Many of us “expats” have fallen in love with Florence and made the city our home, but few, if any, will have had the insight, drive and determination of Jane Fortune to search, discover, retrieve, restore and present to the city an overlooked and invisible part of its history, making visible the works of Florence’s women artists through the centuries. At a special evening ceremony on Wednesday 2 November in the Palazzo Vecchio, which has been Florence’s Town Hall since the thirteenth century, the Mayor of Florence, Dario Nardella, bestowed the city’s highest honour, the Fiorino d’Oro, upon Jane for her work as Founder and Chair of the Advancing Women Artists Foundation.
The ceremony at the Palazzo Vecchio was a personal honour for Jane and a tribute to her singular devotion to the adopted city for which she will work, as she said, “until my last breath”. It was also a recognition of the important work done by AWA. But it had a further significance. It also brought Florence’s women artists into the heart of the city’s political and cultural life both symbolically and actually.
In the grand and imposing Salone dei Cinquecento decorated by the great male artists of the Renaissance, where it is said that Leonardo’s original frescoes lie behind those of Vasari and we are surrounded by the sculptures of Michelangelo and Bandinelli, we were reminded that the women artists of Florence are an essential part of the city’s artistic heritage as Mayor Nardella praised Jane Fortune’s work and we saw a screening of the AWA documentary “When the World Answered” about Florence, Women Artists and the 1966 Flood.
It was a week when Florence celebrated the spirit of unity and solidarity in the face of misfortune and disaster as it commemorated the flood of the Arno 50 years earlier on 4 November 1966: one of the worst in the city’s history when 101 people were killed and millions of masterpieces were damaged or destroyed. Throughout Florence, the city has been remembering the flood, which wreaked havoc on people’s lives and Florence’s artistic heritage but also awakened a spirit of solidarity that caused people to come from all over the world to help in any way they could. Florence has been remembering the “Angeli del Fango” (Mud Angels) – Italians and foreigners who helped to save the city and its artworks. So the decision to award Jane the Fiorino d’Oro at this time, when it is usually awarded on 24 June on the Feast day of the city’s patron saint, San Giovanni, gave the ceremony an added resonance.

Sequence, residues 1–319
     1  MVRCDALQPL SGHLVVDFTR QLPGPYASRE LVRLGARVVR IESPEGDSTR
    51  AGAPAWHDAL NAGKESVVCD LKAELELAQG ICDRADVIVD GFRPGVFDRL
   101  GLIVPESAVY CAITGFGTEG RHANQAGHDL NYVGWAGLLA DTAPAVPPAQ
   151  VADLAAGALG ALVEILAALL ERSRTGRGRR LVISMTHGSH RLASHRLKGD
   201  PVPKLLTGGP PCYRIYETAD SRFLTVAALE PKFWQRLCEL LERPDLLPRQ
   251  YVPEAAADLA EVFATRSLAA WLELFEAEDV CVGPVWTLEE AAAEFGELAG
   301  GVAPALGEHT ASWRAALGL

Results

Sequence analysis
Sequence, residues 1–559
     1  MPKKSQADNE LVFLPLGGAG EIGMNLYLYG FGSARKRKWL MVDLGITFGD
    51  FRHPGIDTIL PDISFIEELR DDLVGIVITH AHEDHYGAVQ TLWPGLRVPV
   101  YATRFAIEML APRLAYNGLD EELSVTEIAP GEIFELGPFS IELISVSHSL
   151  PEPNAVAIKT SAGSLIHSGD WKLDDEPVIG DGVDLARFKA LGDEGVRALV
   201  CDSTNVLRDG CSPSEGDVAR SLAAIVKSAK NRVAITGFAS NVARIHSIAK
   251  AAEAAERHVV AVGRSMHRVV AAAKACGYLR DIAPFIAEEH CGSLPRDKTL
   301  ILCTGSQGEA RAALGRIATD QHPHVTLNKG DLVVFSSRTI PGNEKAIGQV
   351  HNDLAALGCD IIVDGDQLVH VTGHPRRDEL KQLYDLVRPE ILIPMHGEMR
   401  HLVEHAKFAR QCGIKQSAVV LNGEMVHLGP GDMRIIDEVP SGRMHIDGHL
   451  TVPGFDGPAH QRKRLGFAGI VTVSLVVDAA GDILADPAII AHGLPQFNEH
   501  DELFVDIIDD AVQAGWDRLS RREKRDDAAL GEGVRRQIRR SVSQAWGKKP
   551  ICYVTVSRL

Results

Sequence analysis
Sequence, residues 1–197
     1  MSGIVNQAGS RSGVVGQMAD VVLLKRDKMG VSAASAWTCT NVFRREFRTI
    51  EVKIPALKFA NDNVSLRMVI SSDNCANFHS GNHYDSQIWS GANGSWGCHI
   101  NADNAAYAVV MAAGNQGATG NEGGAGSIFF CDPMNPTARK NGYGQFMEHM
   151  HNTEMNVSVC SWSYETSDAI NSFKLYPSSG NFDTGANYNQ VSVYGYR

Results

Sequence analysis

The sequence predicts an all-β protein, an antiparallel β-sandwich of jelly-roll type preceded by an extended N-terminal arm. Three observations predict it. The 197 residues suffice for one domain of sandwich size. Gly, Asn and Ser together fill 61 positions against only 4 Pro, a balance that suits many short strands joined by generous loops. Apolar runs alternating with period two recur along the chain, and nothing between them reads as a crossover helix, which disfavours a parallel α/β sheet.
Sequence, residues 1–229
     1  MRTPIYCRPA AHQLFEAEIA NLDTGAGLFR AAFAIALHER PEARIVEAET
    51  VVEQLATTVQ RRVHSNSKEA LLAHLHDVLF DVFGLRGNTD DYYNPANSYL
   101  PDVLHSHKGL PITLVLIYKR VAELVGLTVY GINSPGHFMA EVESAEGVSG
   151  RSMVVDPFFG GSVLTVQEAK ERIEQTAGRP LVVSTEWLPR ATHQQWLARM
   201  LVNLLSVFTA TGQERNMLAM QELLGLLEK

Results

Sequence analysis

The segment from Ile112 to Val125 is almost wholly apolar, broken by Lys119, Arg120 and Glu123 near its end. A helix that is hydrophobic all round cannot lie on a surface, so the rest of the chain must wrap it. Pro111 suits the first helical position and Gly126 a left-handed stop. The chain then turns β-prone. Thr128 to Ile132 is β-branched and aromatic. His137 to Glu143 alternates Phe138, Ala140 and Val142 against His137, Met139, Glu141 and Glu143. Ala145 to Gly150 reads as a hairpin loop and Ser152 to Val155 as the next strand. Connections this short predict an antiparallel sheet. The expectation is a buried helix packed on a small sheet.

The day (2 November) was also the opening day of the Global Mayors Conference “Unity in Diversity” with Florence playing host to 60 mayors from all over the world, from Kyoto to Edinburgh, to debate common concerns regarding migration and natural disasters, some of whom were present at the evening ceremony. In his opening speech, Mayor Nardella placed Jane Fortune at the centre of all these events calling her an ambassadress for Florence in the world and “una grande Fiorentina” (a great Florentine) in making the values of art a form of emancipation and calling art not an end in itself but a means for future progress. He emphasised the importance of women in the city’s history, reminding us of the “Elettrice Palatina” Maria Luisa dei Medici, the last of the Medici dynasty, who ensured that the Medici art collection and the contents of the Uffizi would remain in Florence. He was joined in thanking Jane for her contribution by Nicoletta Mantovani, the City Councillor for International Relations.
Jane, in her turn, after accepting the award, paid tribute to all those who had helped to make her vision a reality, including the museum directors who had helped her to find the works by women artists that needed restoring, the women restorers who had worked on them, the forty members of the AWA Council and her partner Bob Hesse who had been supportive throughout. Her love affair with Florence had started in 1962 when she came to the city as a student and had vowed to give something meaningful back to the city. Ten years ago in discovering the work of Suor Plautilla Nelli, she started her quest to make visible the work of the women artists of Florence so that they would find their rightful place in the history of the city, adding that “by giving them a voice, I found my voice”.
In his poem “Little Gidding” T.S. Eliot writes of voices
Not known, because not looked for
But heard, half-heard, in the stillness
Between two waves of the sea.
It takes a particular vision and sensibility to hear those voices and to bring them to the world’s attention. This is Jane Fortune’s achievement and if we are now aware of them, it is because of her pioneering work.